Archive for the ‘Reinvention’ Category

Camden Comic Con a Pleasant Surprise

Tuesday, April 15th, 2014

Going to a new comic book convention is a leap of faith, whether you are a guest, vendor or an attendee.  So many things can dampen the experience. Poor organization, lousy attendance and inhospitable management have ruined many comic conventions and guaranteed that there will not be a second.

The first clue that a con is going to suck is usually the location.  Having a con that is in a town off the beaten path or in a cheesy venue is a major indication that the organizers have no idea what they are doing.

What could be the chance that a comic con held in Camden, New Jersy could be any good? Camden is, after all, too often recognized as  the poorest and most dangerous city in America with a crime rate that is five times the national average!

Sounds like the type of town where you would expect to find a lot of superheroes battling bad guys, not lining up for a cosplay competition.

Despite all odds, however, Camden Comic Con was a wonderful convention that I would heartily recommend to anyone, largely due to the attentiveness and management skills of organizers, Miranda Powell, Bill Haas, their staff and the support of Rutgers University whose campus hosted a safe, accessible and comfortable venue.

For a small, first-time convention organized in just two short months, so many things were done right that it is just amazing, beginning with and highlighted by the hospitality of the staff and Rutgers University. They found a way to make everyone feel appreciated which is, in and of itself, a rarity anywhere in today’s society. They even provided a delicious, complimentary lunch  to all vendors, dealers and guests! Who can not be happy when you are being fed?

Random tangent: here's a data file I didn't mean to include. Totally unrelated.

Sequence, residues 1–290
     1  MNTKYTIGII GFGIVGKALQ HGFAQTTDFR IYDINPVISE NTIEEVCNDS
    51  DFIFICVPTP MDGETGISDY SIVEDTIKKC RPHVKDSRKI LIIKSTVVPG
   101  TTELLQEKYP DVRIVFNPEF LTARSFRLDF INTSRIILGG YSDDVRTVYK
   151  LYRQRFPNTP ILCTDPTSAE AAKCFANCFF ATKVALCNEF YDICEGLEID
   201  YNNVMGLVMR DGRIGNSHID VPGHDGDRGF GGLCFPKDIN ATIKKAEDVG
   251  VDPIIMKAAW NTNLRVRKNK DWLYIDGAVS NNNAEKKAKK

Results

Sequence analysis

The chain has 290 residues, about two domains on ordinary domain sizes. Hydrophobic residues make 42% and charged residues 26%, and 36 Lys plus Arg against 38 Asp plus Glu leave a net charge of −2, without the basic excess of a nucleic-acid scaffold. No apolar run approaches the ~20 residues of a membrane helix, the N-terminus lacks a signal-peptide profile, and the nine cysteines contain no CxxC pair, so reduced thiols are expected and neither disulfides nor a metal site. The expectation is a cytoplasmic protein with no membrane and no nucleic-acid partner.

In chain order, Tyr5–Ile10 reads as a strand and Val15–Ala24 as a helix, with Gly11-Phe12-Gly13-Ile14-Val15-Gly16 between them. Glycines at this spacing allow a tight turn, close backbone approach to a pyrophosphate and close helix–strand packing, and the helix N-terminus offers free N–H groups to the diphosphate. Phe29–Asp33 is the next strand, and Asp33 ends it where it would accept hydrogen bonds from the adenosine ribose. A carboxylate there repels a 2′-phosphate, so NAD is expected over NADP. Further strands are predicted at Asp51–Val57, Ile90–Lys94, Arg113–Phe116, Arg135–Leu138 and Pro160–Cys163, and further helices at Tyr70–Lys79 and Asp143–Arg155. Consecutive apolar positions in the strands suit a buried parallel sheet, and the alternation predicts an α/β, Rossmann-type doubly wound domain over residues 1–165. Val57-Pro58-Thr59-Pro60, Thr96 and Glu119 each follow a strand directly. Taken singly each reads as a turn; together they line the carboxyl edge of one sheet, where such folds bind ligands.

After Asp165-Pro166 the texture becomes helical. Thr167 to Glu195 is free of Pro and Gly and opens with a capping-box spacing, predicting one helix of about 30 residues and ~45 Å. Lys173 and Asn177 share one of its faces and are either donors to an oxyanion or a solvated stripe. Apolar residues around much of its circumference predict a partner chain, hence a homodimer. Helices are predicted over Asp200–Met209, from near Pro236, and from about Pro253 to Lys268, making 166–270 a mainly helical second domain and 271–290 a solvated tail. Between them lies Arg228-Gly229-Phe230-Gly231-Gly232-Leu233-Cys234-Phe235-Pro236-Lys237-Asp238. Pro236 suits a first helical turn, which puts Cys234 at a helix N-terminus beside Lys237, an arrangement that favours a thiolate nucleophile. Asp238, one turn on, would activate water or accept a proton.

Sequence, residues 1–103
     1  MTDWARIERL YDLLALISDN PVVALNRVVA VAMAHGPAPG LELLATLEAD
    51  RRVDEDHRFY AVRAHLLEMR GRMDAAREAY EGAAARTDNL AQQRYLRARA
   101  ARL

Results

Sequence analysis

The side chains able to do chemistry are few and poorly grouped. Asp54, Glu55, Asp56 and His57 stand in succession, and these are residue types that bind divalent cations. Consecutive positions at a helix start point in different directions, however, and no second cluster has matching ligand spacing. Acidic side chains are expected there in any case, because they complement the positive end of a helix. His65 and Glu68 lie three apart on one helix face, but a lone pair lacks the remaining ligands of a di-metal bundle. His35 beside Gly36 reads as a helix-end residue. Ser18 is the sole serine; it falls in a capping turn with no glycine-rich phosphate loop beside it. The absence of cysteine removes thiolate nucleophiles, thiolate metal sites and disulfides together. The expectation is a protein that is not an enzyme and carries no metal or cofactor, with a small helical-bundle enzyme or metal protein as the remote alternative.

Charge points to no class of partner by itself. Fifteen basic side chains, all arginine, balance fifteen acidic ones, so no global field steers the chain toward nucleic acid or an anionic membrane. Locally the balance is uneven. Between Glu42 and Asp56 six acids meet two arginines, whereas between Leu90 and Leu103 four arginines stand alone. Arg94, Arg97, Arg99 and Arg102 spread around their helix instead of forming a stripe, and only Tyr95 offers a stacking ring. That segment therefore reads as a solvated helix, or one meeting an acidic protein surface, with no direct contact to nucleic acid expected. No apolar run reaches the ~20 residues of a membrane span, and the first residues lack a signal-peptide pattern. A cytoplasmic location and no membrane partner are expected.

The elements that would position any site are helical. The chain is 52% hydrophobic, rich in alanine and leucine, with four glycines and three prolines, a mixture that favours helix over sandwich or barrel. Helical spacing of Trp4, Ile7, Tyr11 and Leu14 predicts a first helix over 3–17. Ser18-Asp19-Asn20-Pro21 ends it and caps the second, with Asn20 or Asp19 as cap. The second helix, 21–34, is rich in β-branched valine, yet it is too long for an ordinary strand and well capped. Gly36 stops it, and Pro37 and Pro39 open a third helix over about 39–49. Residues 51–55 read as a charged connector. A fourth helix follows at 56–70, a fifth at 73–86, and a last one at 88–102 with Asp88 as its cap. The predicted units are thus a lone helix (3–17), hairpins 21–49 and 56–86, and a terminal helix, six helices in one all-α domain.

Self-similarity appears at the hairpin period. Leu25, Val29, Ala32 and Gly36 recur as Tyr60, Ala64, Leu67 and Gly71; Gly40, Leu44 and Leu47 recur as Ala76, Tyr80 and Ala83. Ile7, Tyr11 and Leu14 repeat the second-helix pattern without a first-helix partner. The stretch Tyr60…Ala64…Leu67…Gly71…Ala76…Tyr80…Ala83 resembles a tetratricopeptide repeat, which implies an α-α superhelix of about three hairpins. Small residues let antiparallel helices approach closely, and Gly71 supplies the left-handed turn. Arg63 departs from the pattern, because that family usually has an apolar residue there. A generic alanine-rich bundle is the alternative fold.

Camden Comic con was a remarkably festive, one-day event that was unusually inviting, not just to the hardcore comic fan but to the entire community, opening its doors to anyone that was curious about comic books, free of charge!

Once you walked past the colorful balloon arch, picked up a few free comics left over from last years Free Comic Book Day and adorned yourself with a Camden Comic Con pin you  discovered the live band, Knuckle Puck Time playing in the exhibition area, face painting and crafts for the young children, and insightful panels that covered creative and social issues relating to comics.

There was an array of creators, publishers, and vendors occupying a space that was mercifully, not oversold especially considering that table fees were only $10 – 20 each!